It has been over two years since the beginning of the Arab Spring – the wave of revolutions, protests and conflict that swept the Arabian Peninsula – and things have still not died down. The ongoing civil war in Syria, which has left more than 60,000 dead, along with the continuing protests in Egypt ensure that our newspapers are filled with articles about the Middle East’s struggle for democracy on a daily basis. Whilst this increased exposure has led to heightened interest in the Arab world, it has done nothing to address the way many in the West see the Middle East: a single, monolithic entity, an endless desert stretching across from Africa to India, filled solely with oil wells, terrorists and guns. The V&A’s exhibition, which features work from 30 photographers and artists, helps shine a new light on the Middle East, revealing it to be a place of beauty, creativity and tenacity.
A series of photographs taken by legendary photographer Abbas during the 1979 Iranian Revolution introduces the first section, which aims to document life in the Middle East. His black and white images of young men burning portraits of the Shah hang next to work by Newsha Tavakolian showing elderly Iranian women cradling photos of their sons, who died years before in the Iran-Iraq war, conjuring up an image of the region with which we are all familiar: a land of conflict and violence. However, work by other artists challenges this view of the Middle East; Tal Shochat’s staged pictures of impossibly perfect pomegranate trees highlight the fertility of his native Israel, while Issa Touma’s documentation of Sufi pilgrims in northern Syria display the colourful traditions which continue to this day. Young Middle Eastern artists are documenting the experience of what living is like in the area, and what being Middle Eastern means to them.
Hassan Hajjaj’s portraits open the next section, and playfully explore the culture clash between East and West; women’s eyes peep out from behind Louis Vuitton emblazoned headscarves, and traditional footwear is presented decorated with the Coca-Cola logo. Hajjaj is inspired by Western fashion photography, and this reimagining of Western art is continued by Raeda Saadeh, whose portrait Who will make me real shows the artist reclining in a pose similar to the ones found in 19th Century European nudes. Her body is covered in a cast made from Palestinian newspapers, which reveal her curves but destroy the sensuality normally associated with such portraits; Saadeh is immobilised, and stares rigidly at the viewer from inside her paper-mâché prison. Shadi Ghadirian’s photographs show teenage girls dressed in the style of 19th Century Iran’s Oajar period, but he has included an anachronism is each portrait which clashes with the traditional veils and skirts many of the girls wear; one girl poses clutching a Pepsi can, while another reaches up to adjust her Ray-Bans. These works explore what it means to be young in the Middle East, and question whether traditional Islamic culture will coexist with Western consumerism.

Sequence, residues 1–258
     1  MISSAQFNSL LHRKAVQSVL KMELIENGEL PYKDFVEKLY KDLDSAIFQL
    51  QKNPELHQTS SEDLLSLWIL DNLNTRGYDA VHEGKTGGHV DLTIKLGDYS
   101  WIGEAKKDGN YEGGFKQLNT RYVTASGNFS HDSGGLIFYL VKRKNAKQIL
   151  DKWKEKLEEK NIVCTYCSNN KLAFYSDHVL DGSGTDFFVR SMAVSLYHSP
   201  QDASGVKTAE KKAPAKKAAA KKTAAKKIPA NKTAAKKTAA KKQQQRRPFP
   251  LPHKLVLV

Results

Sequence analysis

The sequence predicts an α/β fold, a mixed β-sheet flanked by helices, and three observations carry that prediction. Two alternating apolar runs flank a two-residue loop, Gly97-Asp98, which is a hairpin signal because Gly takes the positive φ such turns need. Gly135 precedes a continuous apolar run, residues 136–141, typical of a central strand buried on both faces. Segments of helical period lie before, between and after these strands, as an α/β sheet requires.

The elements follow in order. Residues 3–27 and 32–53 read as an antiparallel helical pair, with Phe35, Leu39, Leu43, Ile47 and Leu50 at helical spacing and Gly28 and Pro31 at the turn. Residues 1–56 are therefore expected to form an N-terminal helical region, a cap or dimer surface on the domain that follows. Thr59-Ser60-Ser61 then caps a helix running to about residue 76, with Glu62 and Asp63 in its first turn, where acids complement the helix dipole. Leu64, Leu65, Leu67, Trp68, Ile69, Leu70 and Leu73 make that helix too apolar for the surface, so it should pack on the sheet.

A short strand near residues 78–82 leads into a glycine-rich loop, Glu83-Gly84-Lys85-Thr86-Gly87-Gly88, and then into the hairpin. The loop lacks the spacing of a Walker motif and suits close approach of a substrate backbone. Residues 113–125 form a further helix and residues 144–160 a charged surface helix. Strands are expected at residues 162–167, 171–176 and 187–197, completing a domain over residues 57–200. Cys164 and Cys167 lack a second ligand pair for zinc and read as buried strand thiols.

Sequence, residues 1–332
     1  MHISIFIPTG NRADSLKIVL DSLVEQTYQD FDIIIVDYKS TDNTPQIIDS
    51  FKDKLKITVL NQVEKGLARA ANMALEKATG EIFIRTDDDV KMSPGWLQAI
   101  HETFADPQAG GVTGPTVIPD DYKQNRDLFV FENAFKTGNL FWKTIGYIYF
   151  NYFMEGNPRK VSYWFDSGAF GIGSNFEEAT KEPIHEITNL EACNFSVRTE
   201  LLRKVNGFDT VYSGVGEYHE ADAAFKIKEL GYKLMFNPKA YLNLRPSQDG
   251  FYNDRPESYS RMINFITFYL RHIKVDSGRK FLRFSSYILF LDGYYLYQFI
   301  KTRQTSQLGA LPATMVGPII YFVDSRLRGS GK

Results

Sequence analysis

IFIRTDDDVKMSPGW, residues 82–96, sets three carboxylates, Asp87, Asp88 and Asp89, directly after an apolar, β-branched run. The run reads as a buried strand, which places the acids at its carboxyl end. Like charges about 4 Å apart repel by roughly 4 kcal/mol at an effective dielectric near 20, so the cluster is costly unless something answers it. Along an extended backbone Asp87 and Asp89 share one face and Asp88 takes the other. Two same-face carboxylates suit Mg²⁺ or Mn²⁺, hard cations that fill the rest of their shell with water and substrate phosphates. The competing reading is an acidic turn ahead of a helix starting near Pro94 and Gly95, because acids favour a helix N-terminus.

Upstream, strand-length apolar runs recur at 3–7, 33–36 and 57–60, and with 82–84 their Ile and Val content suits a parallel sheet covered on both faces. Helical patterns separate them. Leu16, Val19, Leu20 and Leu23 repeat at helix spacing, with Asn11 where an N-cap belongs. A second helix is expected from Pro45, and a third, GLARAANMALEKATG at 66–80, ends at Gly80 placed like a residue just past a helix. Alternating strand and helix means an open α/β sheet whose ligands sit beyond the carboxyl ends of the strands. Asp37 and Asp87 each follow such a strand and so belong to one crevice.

The last section is by far the most powerful and, arguably, the most important, as it shows how art can be a conduit for social change and rebellion. The artists displayed here have all made works protesting against current regimes in the Middle East. Amirali Ghasemi’s work directly challenges the oppression faced by young people in Iran, as well as the censorship put in place by the government. His series Party shows photographs taken at unsanctioned, illegal private parties in Tehran, but all the exposed skin shown has been cut out, replaced by a gaping white blankness, creating powerful, unsettling images. This protest against censorship is a theme explored in Jowhara AlSaud’s line drawings of featureless, anonymous figures, printed on airmail envelopes. The figures are shown embracing, creating an atmosphere of longing, while the envelopes may refer to attempts at communication thwarted by the Saudi Arabian government.
It is not just the Middle East that is criticised; in her series Most Wanted, Taraneh Hemami took mugshots from a US governmental website shortly following 9⁄11 and distorted them by scratching the print surface. The result is a series of blurred faces. Thekey features can no longer be distinguished, but broad details such as headscarves can still be made out, referencing both western stereotypes of the Middle East, and the heavy-handedness displayed by the American government directly following the 9⁄11 attacks.
The exhibition displays a Middle East that is young, vibrant,and quickly evolving. As the region becomes more developed, and countries such as Saudi Arabia have an ever-increasing importance in global politics, it is vital that we come to recognise the Middle East as a veritable hotbed of cultural activity. The changes taking place there are far from over; in fact, they have only just begun.
Light from the Middle East: New Photography at the V&A. Free admission